For the first time, 40°C heat has appeared in a major global forecast system for the UK, sparking amber alert warnings from the Met Office. At the end of June, data from the Global Ensemble Forecast System showed this possibility. As the weekend draws nearer, forecasters are now suggesting that there is a 30% chance that Sunday will be the hottest day ever recorded in the UK, with the current record of 38.7°C.
Professor Richard Betts, head of climate impacts in the Met Office Hadley Centre told me that, “while 40°C is possible, it is unlikely. But unlikely things do turn out to happen occasionally, so it’s worth being aware of the possibility”.
He cautioned, “But even if we don’t actually see temperatures passing 40°C in the UK, some areas are likely to see highs in the mid-30s C, with high 30s possible in places on Sunday or Monday. However, there is still a range of potential outcomes at this stage. As we get closer to the time, the ensemble members should start to agree with each other more closely, because their calculations won’t have as much time to become different”.
This was echoed by Dr Simon Lee of Columbia University, who commented:
“Regardless of whether the UK does see an unprecedented heatwave this summer, we have entered uncharted territory in ‘forecast world’. Eventually, this will translate to the real world, and with the global climate continuing to heat up, we can expect to see more situations where 40°C appears in forecasts for the UK in the coming years and decades. But the very fact that 40°C in the UK has appeared repeatedly as a possibility from multiple forecast models suggests it is now very much something for which we need to prepare.”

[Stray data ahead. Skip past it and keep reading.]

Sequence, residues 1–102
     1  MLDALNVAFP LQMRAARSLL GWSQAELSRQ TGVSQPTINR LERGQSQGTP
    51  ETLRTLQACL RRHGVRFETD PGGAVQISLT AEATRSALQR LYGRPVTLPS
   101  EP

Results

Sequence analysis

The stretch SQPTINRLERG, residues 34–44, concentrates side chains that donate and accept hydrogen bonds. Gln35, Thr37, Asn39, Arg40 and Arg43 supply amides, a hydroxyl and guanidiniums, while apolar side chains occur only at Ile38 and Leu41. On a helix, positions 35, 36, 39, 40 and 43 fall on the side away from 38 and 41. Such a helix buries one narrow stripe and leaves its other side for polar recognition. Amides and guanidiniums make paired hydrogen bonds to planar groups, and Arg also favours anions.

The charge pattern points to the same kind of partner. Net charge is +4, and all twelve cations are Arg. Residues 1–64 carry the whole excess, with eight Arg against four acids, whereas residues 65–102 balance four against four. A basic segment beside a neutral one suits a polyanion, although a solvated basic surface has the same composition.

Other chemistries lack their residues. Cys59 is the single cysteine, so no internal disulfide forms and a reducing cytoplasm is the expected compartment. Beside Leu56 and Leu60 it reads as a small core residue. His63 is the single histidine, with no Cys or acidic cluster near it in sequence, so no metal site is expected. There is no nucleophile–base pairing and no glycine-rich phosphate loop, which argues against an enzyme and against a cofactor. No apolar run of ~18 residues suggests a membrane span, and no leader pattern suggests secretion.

UK temperatures are rising rapidly
“The likelihood of exceeding 40°C anywhere in the UK in a given year has… been rapidly increasing, and, without curbing of greenhouse gas emissions, such extremes could be taking place every few years in the climate of 2100.”
This graphic from the article shows evidence of this alarming trend:
Other European countries, such as Belgium, the Netherlands, Germany and France, have already exceeded 40°C. To imagine that the UK will somehow escape this situation is to ignore the scientific studies that are alerting us to the raised frequency of these heatwave events.
The UK’s Met Office unequivocally links human-induced climate change to the increasing risk of heatwaves. This graphic, for example, quantifies the link between climate change and the extremely hot summer of 2018:
The consequence is that “extremely warm summers in Europe, such as was seen during the European heat wave of 2003 which was responsible for 2000 excess deaths in the UK, are now expected to happen twice a decade compared to twice a century in the early 2000s”.
As noted in an article in the journal Environmental Research Letters, “Heatwaves are amongst the deadliest natural disasters facing humanity today and their frequency and intensity is on the rise globally”.
Regional impact in Yorkshire: water and reservoirs
The BBC recently reported on possible restriction warnings, as reservoir levels in Yorkshire are lower than average following months of low rainfall. In late June, reservoir stocks in Yorkshire had decreased to 63.4%, with Yorkshire Water reporting that “some of our rivers are below critical level”.